Destruction of the Babri Masjid in Ayodhya

The December 6 destruction of the Babri Masjid in Ayodhya by right wing Hindu fanatics, caused widespread disturbances gripping Mumbai. There were claims of the police plotting and scheming with rioters in which some minority-inhabited areas came under severe attack. They had to amend their original plan to attack Bombay in April during the Shiv Jayanti celebrations but were compelled to advanced consequent to detention of one of the leaders on March 9, 1993, by the police. He was one of the key men handpicked by Tiger Memon to be dispatched to Pakistan via Dubai on February 19, 1993 for training and preparation in the art of bomb making and use of arms. Few Customs officials and five policemen were also held responsible for smuggling RDX into the city. While some of them had been bribed others derelict their duties.

Confession disregarded

Three days before the disaster took place on March 9, 1993, the small-time criminal confessed to his task in the riots, how he was trained in Pakistan, and most importantly that a conspiracy was underway to bomb vital locations around Bombay city, including Sahar International Airport, the Bombay Stock Exchange, and the Sena Bhavan. Unfortunately, his disclosure had been dismissed by the security authorities as ‘mere bluff’. A dereliction of sacred duty by the Indians, a tragedy that coincided with what happened within Sri Lanka’s intelligent apparatus.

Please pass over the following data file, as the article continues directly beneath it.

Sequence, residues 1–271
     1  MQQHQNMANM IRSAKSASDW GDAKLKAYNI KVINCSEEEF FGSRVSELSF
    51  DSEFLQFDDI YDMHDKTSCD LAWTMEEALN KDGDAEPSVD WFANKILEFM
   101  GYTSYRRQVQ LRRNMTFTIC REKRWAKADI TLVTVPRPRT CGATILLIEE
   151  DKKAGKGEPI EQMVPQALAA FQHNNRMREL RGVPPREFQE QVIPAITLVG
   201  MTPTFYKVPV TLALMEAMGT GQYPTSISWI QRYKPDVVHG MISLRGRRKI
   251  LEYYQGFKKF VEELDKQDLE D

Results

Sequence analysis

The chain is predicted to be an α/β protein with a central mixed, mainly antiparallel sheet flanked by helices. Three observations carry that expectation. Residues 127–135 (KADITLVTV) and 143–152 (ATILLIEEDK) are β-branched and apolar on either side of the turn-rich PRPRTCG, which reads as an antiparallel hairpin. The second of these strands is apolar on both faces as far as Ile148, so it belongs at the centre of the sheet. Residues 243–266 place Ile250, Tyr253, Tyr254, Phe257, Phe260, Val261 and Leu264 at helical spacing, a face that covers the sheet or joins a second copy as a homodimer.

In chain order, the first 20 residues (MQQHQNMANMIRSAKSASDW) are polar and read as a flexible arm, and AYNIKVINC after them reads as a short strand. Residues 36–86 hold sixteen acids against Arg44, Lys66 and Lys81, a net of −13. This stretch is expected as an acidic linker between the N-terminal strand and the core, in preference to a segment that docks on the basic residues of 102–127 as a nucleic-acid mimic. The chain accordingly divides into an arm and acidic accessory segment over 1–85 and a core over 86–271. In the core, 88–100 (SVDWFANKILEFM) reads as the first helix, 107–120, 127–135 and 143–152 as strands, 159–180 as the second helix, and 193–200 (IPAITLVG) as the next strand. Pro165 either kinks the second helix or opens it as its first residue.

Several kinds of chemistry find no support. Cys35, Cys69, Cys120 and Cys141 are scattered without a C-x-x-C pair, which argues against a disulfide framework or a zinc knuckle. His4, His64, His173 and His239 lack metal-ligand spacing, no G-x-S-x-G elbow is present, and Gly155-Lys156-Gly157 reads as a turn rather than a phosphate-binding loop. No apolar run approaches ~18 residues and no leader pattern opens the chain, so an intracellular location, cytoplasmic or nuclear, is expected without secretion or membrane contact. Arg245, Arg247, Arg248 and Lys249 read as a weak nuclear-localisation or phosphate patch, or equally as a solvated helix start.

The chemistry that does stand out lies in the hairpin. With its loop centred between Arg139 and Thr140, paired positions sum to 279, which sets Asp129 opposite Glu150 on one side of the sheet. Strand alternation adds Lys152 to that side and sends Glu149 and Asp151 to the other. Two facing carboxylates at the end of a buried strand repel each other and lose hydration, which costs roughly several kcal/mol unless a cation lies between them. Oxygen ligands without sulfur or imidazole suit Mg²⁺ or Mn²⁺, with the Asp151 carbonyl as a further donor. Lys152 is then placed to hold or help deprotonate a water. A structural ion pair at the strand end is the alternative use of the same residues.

Hundreds of suspects were arrested, detained and prosecuted in the Indian courts.

Arrests and convictions

The Indian Supreme Court passed its judgement on March 21, 2013 upholding the death sentence against the leader Yakub Memon following 20 years of judicial proceedings, while commuting the death sentences against nine others to life imprisonment. However, they failed to try some main perpetrators of the crime; in fact they have not yet been arrested. Yakub Memon was executed by hanging in Nagpur Central Jail at 6.35 am on July 30, 2015. Death sentence was imposed on few others too.


Babu Janardhanan’s Malayalam film Bombay March 12 was based on the bombings and Indian crime film Black Friday (2004) written and directed by Anurag Kashyap, The True Story of the Bombay Bomb Blasts, based on a book by Hussain Zaidi both became box office records.

The catastrophe to which Bombay has so obstinately been exposed proved people’s spirit which is a proud possession.

It all happened on March 13, 1993; men in streets rushed to rescue and transferred the injured to hospitals in flagged-down vehicles. By the end of the day, blood banks were overflowing with voluntary donations. The next morning, people as usual were back at work in offices and factories after leaving the devastated structures intact. No one was waiting for official commands or interventions. It was amazing, and it was unique. This spirit of Nation would never manifest itself over our thrice blessed paradise whose work force barge in late to offices, share stories about the disaster, blame authorities under air-conditioned comfort and scoot off at the earliest opportunity?

[email protected]



Add new comment